In the epic Ramayana, Satyavrata is mentioned as being a pious and virtuous king. He was keen in performing a sacrifice or Yajna in virtue of which he might ascend bodily or physically to heaven. Vasishtha, the sage was his priest and refused to perform this sacrifice as the task was impossible. Satyavrata then went to the sons of Vasishtha and requested them to perform the sacrifice. Vasishtha's sons condemned Satyavrata to become a Chandala for his presumption.
Satyavrata longing for his desire to ascend bodily to heaven requested Vishwamitra, the great Rishi to perform the sacrifice. Vishwamitra promised to raise Satyavrata in the physical form to heaven. Vishwamitra's anticipated sacrifice was strongly opposed by the sons of Vasishtha. Vishwamitra infuriated reduced the sons of Vasishtha to ashes. Then Vishwamitra cursed them to be born again as outcasts for seven hundred births. The wrathful sage bore down all other opposition who resisted the sacrifice, and Satyavrata or Trisanku ascended to heaven.
When Satyavrata ascended to heaven then in the entrance he was opposed by Lord Indra and other gods. The enraged sage Vishwamitra in vehemence declared that he would create another Indra, or demolish Indra from the world. All the gods were terrified and were forced to agree that Trisanku or Satyavrata, an immortal, should hang with his head downwards, and shine among some stars newly called into being by Vishwamitra.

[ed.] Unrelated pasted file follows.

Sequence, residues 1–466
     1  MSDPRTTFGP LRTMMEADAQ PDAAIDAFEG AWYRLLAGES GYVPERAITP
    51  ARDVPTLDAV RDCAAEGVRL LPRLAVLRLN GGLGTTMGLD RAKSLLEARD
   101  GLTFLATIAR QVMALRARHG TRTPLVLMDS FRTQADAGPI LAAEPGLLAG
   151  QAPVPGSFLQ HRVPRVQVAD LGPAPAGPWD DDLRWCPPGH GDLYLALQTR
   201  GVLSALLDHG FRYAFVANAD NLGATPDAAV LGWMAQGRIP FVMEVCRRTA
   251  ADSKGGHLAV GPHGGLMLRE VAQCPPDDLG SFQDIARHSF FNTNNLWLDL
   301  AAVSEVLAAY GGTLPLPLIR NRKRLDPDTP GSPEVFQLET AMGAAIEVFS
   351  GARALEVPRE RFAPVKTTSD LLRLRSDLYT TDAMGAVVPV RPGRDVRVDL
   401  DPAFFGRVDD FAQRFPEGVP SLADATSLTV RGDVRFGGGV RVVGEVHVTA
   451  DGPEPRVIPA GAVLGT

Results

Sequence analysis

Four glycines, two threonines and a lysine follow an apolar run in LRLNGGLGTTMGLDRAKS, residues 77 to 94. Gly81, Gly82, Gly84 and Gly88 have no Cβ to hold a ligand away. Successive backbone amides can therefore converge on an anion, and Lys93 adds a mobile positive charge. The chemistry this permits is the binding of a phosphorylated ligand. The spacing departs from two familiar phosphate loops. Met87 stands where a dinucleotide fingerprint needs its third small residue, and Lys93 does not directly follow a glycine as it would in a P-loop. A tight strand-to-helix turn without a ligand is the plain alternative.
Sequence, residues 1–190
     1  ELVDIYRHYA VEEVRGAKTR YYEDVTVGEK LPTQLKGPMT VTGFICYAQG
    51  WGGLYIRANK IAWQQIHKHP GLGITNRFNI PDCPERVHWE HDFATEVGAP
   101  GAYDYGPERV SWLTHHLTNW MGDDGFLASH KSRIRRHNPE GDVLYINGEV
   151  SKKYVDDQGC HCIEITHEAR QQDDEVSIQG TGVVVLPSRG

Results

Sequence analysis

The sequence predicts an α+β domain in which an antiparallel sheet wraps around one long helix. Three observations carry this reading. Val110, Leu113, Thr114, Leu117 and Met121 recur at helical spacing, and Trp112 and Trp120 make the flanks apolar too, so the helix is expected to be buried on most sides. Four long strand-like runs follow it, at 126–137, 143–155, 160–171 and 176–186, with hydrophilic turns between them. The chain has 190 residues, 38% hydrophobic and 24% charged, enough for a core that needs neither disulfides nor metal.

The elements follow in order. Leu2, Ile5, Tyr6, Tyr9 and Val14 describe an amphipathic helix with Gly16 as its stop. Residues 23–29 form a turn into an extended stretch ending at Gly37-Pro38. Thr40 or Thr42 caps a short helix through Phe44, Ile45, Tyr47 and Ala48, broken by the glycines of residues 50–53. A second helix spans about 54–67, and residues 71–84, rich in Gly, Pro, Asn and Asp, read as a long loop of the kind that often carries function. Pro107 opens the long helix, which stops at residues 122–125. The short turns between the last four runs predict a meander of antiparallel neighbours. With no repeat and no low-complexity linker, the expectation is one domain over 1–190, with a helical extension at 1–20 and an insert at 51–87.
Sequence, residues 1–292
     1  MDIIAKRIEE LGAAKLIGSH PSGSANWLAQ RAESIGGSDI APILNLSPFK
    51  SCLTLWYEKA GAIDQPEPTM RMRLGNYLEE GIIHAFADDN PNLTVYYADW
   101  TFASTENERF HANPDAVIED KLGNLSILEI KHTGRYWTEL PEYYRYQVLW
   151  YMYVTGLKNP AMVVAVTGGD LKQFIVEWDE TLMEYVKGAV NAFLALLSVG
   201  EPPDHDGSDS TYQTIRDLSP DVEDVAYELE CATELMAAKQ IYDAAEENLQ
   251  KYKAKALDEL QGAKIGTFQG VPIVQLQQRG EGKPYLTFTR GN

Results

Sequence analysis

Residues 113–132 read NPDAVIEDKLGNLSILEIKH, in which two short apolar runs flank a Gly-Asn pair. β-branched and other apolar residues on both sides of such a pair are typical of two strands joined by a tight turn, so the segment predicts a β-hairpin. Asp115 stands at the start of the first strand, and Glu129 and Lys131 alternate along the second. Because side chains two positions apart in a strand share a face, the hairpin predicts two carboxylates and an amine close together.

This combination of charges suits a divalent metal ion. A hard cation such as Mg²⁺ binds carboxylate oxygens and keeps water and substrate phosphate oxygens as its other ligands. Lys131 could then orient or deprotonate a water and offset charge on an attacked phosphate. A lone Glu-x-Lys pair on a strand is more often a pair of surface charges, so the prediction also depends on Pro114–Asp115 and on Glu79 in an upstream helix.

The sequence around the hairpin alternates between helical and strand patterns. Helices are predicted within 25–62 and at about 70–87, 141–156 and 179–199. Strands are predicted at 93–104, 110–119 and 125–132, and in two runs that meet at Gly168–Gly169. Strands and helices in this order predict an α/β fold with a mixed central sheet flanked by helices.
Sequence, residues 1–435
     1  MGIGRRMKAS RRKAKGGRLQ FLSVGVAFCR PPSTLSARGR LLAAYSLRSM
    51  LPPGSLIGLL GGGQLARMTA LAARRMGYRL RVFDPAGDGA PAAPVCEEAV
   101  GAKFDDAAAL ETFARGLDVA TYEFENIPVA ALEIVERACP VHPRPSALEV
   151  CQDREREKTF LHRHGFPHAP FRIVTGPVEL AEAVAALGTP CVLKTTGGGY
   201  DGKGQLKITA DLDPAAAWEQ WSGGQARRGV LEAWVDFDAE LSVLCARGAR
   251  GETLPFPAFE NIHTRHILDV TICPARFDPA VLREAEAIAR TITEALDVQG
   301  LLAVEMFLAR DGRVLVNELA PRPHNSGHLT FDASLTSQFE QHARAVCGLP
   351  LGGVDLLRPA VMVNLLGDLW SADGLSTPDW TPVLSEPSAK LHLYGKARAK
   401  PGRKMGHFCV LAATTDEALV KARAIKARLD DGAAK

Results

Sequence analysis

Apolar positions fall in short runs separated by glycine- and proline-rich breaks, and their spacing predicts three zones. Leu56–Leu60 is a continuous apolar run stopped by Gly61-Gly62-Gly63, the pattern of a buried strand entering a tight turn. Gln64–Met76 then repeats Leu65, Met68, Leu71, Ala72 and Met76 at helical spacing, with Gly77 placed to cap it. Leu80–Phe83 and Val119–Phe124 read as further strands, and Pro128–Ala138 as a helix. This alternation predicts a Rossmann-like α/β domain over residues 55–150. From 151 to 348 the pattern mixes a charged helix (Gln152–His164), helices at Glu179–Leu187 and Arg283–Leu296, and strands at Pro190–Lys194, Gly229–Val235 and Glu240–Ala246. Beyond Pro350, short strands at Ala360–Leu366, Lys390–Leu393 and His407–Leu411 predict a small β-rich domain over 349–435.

The Vishnu Purana describes another legend of Satyavrata. Satyavrata was a Chandala and when there was famine in the country then he assisted Vishwamitra's family. Satyavrata supported Vishwamitra's family by hanging deer's flesh on a tree on the bank of the Ganges, so that they might obtain food without the deprivation of receiving it from a Chandala. Thus for this charity Vishwamitra raised Satyavrata to heaven and he became immortal.
A different story of Satyavrata is related in Harivansa. When Satyavrata was a prince he attempted to carry off the wife of a citizen. Satyavrata's father punished him by depriving him out of the home. Vasishtha, the family priest tried to soften the father's decision but failed. The period of Satyavrata's exile was a time of famine, and Satyavrata greatly helped the wife and family of Vishwamitra, who were in deep suffering while the sage was far away from the family.
Satyavrata completed his twelve year's of exile and penance. One day he was hungry and having no flesh to eat, he killed Vasishtha's extraordinary cow, the Kamadhenu. Satyavrata ate the cow himself, and gave some of the portions to the sons of Vishwamitra. In wrath Vasishtha gave him the name Trisanku, for being guilty of three great sins.
Vishwamitra was grateful by the aid which Satyavrata had rendered to his family at the time of famine and he made Satyavrata the King in his father's kingdom. Vishwamitra then in spite of the opposition of the gods and of Vasishtha exalted the king Satyavrata alive to heaven.
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